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Cars with Lots of Real Estate

A friend wrote in reply of my 4 July 2009 post “Big People. Little Cars. Tiny Houses. The Scale of our Neighbourhoods”, which spoke of our neighbourhoods being sized around our mode of personal transportation which, in modern day North America, tends to be our cars.  To quote Alex:

                “There are a couple of arguments against the move to smaller-more-sustainable automobiles in particular.  I’ll coin it “larger-and-more-survivable”.

                Not that I have anything against the cute and vulnerable Cooper Mini nor it’s reincarnation, the 21st Century BMW Mini, it’s just that with the striking deterioration of our public highways, a larger  vehicle with adequate ground clearance is soon to become an advantage.  By the way, it strikes me that the sudden downfall of public infrastructure is very much mirrored by the downfall of print media.  I have a hard time seeing my younger nephews and nieces with their passels of kinder and requisite accoutrements actually fitting into the current generation of mini-vehicles.  Indeed, with three or more small children in a vehicle, your old Mini Clubman just couldn’t hold the child seats, let alone the toys, diaper bags, etc that – at least – the younger generation of my family is saddled with.  I don’t think that your Mini could even hold an SUV – Stroller Utility Vehicle!”

I’ve always maintained that we design our neighbourhoods around our cars.  More succinctly, we design our neighbourhoods around the prevalent mode of personal transportation.  We always have – for the longest of times, that mode was on foot – walking.  Not until the Machine Age / Post Machine Age has transportation become so notable in our neighbourhoods, because the type of transportation we’ve invented is so different than what we as humans are capable of on our own. 

The type of neighbourhood that I live in was built around people walking to a rapid transit or commuter train station, so the buildings and landscape look the way they do to reflect this. Since then and quite suddenly, we’ve built entire cities around the automobile – the prevalent method of personal transportation currently used in North America.  Not only would it be difficult to “retrofit” an automobile neighbourhood to be function “walkably”, but trying to get around one of these automobile neighbourhoods by another method becomes challenging, if not dangerous.  I know of someone who drives a perfectly restored 1969 Fiat 500 with a bumper sticker that reads “…my other car is a race car…”; he drives it on the expressways of Chicago fearlessly, leaving everyone breathless.  The rest of us could never achieve this talent without intense professional training!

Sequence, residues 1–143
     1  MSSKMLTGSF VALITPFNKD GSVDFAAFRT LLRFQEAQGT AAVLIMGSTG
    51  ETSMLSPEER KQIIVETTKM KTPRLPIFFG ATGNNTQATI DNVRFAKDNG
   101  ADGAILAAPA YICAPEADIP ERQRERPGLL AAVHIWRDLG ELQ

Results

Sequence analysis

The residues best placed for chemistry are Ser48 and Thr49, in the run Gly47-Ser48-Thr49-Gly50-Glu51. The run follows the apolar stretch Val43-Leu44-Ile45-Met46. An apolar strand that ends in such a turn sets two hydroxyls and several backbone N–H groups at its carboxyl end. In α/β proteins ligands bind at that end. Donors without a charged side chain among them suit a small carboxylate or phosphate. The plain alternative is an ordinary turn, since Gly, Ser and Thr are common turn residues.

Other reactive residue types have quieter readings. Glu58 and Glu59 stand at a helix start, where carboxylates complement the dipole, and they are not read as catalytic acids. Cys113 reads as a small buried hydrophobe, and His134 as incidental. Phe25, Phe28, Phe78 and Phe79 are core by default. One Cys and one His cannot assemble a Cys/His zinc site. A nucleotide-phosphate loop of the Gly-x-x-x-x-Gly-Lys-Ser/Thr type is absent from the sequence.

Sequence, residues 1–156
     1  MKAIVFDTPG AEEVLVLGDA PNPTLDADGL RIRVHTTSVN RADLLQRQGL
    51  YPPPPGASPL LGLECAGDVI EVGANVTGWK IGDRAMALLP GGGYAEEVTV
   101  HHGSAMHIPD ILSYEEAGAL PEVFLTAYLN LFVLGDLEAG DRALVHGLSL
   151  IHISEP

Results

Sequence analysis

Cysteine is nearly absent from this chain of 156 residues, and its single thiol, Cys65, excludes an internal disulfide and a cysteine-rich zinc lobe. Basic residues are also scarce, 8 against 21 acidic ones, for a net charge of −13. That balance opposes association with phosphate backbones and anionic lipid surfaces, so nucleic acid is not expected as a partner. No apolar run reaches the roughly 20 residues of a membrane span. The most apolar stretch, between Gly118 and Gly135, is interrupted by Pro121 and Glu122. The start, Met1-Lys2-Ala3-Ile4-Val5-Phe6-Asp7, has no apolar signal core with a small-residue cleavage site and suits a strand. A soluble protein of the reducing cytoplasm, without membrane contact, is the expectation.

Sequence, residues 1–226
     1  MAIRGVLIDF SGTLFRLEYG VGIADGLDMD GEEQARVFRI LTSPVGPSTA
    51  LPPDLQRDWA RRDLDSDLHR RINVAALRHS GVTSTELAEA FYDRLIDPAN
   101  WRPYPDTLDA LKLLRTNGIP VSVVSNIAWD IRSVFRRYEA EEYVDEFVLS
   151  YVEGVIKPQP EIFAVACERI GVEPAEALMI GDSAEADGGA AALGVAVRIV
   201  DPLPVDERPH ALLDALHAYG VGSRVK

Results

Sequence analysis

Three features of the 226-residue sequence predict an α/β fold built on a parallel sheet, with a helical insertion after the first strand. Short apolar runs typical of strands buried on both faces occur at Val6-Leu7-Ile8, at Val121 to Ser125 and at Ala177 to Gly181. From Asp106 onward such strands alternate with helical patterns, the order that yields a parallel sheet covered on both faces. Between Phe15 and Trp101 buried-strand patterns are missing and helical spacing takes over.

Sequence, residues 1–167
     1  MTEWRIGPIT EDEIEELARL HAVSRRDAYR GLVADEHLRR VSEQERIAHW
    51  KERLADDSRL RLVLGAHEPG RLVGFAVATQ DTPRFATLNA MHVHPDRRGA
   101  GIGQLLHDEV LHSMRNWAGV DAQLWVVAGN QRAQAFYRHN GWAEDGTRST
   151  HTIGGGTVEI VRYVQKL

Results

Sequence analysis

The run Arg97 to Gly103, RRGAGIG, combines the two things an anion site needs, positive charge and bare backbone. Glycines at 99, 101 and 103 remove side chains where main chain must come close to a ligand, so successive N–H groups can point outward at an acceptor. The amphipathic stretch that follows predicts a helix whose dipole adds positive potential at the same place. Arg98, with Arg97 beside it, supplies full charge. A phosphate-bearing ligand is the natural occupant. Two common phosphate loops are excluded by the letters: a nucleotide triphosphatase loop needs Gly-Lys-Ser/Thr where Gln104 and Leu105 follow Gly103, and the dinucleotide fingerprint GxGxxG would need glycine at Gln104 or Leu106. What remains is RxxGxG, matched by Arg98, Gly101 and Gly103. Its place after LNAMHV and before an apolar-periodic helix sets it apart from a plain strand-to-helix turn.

So becomes the quandary of dodging potholes and 18 wheelers at high speeds.  Part of the format of automobile oriented development is to have an abundance of supply of transportation routes.  Abundant infrastructure becomes very expensive to maintain properly.

Personal. mobile spaces within a larger, very public space, both quite falmbouyant - "Superdawg", Chicago IL

Personal. mobile spaces within a larger, very public space, both quite flambouyant - "Superdawg", Chicago IL

Now, I do have this thing about the automobile and its allure.  As architecture, automobiles are highly sculptural, display the personality and identity of their owners.  Automobiles are not just personal spaces with their own environmental hierarchies and transitions, but they are personal space that moves, taking its occupants from place to place while experiencing the space within, and the spaces outside – in motion, in sequence no less.  It’s a very contemporary, Machine Age experience – quite exhilarating, since it removes mankind from the need to have ties to the earth. 

Although Frank Lloyd Wright was apparently an automobile enthusiast.  Oddly, this notion of automobile as architecture goes against his philosophy of architecture being part of the earth.  Two very exciting, diametrically opposed concepts.

Posted in Automobile Design, Current Affairs, History, Pop Culture, Real Estate Development, Transit, Urban Planning.